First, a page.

German strategy for a war on two fronts against France and Russia was to concentrate the bulk of their army in the West to defeat France within four weeks, then shift forces to the East before Russia could fully mobilise; this was later known as the Schlieffen Plan. On 2 August, Germany demanded free passage through Belgium, an essential element in achieving a quick victory over France. When this was refused, German forces entered Belgium early on the morning of 3 August and declared war with France the same day; the Belgian government invoked the 1839 Treaty of London and in compliance with its obligations under this, Britain declared war on Germany on 4 August. On 12 August, Britain and France also declared war on Austria-Hungary; on the 23rd, the Empire of Japan joined the Allied Powers, seizing the opportunity to expand its sphere of influence by capturing German possessions in China and the Pacific. On 24 August, Serbia won a major victory over the Austro-Hungarians at the Battle of Cer.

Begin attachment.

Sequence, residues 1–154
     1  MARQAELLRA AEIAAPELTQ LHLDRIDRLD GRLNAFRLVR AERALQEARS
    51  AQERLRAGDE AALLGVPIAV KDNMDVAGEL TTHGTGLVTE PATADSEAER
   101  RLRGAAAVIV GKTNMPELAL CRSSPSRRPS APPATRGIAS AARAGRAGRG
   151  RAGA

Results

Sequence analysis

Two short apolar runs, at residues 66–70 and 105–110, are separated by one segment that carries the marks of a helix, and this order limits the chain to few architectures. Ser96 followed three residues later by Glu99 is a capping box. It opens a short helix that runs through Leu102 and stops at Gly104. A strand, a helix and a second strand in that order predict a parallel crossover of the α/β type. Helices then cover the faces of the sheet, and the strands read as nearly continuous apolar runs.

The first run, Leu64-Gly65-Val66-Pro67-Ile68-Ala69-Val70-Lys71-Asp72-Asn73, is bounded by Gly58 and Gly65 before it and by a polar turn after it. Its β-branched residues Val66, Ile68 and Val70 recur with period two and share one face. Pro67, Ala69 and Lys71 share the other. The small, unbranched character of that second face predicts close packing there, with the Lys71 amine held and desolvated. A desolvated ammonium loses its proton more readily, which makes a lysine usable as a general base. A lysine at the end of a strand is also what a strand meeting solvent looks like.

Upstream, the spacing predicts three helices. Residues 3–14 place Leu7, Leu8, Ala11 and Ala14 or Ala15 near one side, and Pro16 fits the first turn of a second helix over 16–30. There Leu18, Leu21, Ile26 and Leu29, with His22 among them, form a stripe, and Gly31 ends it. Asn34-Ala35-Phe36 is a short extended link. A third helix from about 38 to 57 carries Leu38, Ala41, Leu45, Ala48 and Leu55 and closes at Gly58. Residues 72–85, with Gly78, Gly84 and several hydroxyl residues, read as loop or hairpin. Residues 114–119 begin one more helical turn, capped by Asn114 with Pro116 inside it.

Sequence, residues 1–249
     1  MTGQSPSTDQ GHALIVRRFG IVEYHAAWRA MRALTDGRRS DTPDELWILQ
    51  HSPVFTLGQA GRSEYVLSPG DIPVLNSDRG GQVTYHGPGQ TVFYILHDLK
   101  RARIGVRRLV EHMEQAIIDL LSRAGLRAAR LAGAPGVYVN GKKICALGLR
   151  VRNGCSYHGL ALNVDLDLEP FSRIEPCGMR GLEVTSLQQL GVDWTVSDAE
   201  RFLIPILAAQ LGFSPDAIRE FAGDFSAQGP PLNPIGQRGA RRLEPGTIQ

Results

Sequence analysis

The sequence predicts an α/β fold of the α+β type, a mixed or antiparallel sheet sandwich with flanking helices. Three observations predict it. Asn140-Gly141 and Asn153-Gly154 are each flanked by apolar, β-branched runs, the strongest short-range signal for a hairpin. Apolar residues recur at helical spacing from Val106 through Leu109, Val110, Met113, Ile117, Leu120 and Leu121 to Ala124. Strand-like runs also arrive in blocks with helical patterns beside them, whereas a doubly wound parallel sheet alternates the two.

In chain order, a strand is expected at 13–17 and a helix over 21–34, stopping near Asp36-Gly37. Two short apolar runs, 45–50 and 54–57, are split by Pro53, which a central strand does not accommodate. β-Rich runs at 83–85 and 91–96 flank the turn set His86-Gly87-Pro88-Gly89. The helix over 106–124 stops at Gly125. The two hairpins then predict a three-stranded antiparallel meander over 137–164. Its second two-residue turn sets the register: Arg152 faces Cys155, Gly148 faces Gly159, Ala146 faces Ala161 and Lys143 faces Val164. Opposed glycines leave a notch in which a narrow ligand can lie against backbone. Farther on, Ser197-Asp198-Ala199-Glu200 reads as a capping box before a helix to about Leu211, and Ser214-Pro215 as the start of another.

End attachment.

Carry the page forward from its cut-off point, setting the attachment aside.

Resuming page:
The German advance into France was halted at the Battle of the Marne and by the end of 1914, the Western Front settled into a battle of attrition, marked by a long series of trench lines that changed little until 1917. On the Eastern Front, two Russian armies entered East Prussia on 17 August, in compliance with their 1912 agreement with France to attack Germany within 15 days of mobilisation. The Germans were forced to divert troops from the West but successfully repulsed this invasion by victories at Tannenberg and the Masurian Lakes; however, the Russians occupied the Austro-Hungarian province of Eastern Galicia.